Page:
Family homeless prevention. Down payment assistance for first-generation homebuyers. And a state rental assistance program.
Plus, a contentious 0.25% sales tax on metro area shoppers.
The current proposal would lower the appropriation from $1.1 billion to $1.07 billion.
With HF1440 being passed and likely to become law soon, that $50 million previously part of the total has been removed. In addition, a Howard amendment moved $5 million for the Greater Minnesota grant program from the Department of Employment and Economic Development to the Minnesota Housing Finance Agency.
Therefore, there was a net reduction of $45 million.
Major spending in the bill includes:
A amendment successfully offered by Rep. Jim Nash (R-Waconia) would have the Minnesota Housing Agency provide translation services to ensure communications are made in an applicants’ primary language.
Offered by Rep. Brian Johnson (R-Cambridge), an amendment was adopted, with an oral amendment, that would “allow cities that have land ready to go to be able to use it right away” for the Greater Minnesota housing infrastructure grant program.
An amendment unsuccessfully offered by Nash to remove the sales tax provision failed along party lines.
“A billion dollars is a lot,” said Nash, who dislikes taking any additional funds from Minnesotans on top of the bill’s proposed spending and says the idea is a regressive tax that is going to tax the people it intends to benefit.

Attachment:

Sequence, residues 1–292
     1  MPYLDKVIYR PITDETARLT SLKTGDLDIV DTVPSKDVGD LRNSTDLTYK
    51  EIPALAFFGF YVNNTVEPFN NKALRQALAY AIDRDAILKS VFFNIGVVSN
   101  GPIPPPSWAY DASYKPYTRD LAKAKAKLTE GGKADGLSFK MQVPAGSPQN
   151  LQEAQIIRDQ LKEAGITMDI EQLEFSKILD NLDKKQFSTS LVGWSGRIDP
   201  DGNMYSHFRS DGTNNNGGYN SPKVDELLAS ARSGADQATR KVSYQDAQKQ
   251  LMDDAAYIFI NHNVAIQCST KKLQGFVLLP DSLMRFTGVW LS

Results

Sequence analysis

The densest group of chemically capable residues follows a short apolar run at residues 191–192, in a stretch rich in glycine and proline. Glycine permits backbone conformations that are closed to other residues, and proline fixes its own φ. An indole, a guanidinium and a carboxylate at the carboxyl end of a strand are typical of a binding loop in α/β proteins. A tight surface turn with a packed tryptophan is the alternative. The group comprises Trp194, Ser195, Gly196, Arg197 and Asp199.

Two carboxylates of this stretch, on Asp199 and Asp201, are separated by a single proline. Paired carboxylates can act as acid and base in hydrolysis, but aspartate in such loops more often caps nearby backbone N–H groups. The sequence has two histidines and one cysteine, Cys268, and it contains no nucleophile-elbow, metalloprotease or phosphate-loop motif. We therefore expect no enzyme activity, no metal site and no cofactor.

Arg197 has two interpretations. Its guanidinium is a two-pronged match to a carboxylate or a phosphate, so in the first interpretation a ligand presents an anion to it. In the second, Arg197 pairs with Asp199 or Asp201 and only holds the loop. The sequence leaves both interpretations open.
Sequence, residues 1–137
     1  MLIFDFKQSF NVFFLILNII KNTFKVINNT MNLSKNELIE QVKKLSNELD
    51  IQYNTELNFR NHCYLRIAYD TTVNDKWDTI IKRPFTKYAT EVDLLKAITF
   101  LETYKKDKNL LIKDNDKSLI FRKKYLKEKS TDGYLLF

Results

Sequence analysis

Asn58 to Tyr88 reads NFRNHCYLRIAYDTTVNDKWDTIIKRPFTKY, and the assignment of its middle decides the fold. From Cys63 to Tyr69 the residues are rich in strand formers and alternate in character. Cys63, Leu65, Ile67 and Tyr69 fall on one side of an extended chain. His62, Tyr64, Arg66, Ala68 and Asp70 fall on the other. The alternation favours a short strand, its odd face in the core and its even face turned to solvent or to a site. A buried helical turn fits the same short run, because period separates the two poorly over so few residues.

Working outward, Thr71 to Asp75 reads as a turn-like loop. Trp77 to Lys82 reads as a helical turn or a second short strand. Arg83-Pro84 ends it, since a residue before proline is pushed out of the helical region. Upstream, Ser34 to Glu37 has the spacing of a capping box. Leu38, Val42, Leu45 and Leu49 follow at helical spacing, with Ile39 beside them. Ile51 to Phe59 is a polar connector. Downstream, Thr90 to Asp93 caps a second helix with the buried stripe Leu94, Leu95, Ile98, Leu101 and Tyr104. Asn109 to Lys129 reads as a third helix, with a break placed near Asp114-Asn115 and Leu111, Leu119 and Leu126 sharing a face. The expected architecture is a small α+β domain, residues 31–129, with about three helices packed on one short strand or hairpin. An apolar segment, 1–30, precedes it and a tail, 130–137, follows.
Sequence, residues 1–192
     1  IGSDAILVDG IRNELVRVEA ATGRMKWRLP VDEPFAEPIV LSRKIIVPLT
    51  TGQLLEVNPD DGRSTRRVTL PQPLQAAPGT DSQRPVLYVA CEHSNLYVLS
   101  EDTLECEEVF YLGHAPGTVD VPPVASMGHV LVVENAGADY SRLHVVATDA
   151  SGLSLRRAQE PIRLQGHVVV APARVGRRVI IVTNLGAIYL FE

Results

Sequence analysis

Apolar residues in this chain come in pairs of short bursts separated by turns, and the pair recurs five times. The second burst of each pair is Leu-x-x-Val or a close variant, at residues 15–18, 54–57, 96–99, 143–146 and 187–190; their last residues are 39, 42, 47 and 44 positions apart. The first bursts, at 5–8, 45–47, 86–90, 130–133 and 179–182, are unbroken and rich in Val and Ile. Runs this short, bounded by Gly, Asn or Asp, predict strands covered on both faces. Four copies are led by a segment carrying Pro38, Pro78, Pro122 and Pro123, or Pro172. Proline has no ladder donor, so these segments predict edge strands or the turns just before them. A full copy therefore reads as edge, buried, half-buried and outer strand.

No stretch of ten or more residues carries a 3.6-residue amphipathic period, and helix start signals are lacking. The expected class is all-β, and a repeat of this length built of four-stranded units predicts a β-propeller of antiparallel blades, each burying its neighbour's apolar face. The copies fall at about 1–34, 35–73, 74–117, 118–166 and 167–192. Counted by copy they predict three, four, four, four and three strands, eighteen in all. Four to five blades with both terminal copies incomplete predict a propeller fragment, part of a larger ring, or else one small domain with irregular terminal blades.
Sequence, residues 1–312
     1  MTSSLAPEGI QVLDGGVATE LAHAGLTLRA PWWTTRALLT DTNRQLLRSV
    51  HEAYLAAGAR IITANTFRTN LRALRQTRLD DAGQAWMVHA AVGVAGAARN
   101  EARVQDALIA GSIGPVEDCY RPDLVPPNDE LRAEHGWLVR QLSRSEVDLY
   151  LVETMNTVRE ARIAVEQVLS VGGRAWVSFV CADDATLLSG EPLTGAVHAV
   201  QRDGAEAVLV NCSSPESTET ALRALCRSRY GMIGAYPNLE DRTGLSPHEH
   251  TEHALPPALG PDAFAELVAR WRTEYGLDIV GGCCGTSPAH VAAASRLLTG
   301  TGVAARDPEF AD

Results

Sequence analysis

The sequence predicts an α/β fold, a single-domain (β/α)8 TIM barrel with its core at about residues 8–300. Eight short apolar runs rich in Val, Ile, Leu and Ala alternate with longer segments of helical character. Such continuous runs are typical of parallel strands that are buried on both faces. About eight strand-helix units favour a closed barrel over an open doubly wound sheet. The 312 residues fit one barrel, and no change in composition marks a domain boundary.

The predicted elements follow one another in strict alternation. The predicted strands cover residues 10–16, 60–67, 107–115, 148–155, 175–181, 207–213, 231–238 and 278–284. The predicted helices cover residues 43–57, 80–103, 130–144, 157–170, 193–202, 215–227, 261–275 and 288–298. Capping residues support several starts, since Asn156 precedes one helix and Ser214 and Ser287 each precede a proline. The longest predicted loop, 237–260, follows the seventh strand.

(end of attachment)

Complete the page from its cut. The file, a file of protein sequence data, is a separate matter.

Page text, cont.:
But DFLers defended the tax.
“You know what’s more regressive than a sales tax is housing costs and rents that are going up. In the metro area, fully half of all renters are paying more than 30% of their income on housing,” Howard refuted.
Rep. Matt Norris (DFL-Blaine) believes a tool like this will get Minnesotans the resources the state needs.
“And we have to realize that in the tails we’ve only got $50 million allocated to housing,” he said.
Rep. John Petersburg (R-Waseca) cautioned against unnecessary taxes, saying they can spend nothing without first taking that money from someone else, like taxpayers.
Another unsuccessful amendment, this one from Rep. Andrew Myers (R-Tonka Bay), would have cut the $150 million first-generation homebuyer downpayment assistance funding to $120 million and used the leftover $30 million to convert empty, unused school buildings into homeless shelters.
Howard said he would like more research into the feasibility of the idea before devoting that much of the housing budget to it but enjoys the concept of utilizing existing infrastructure.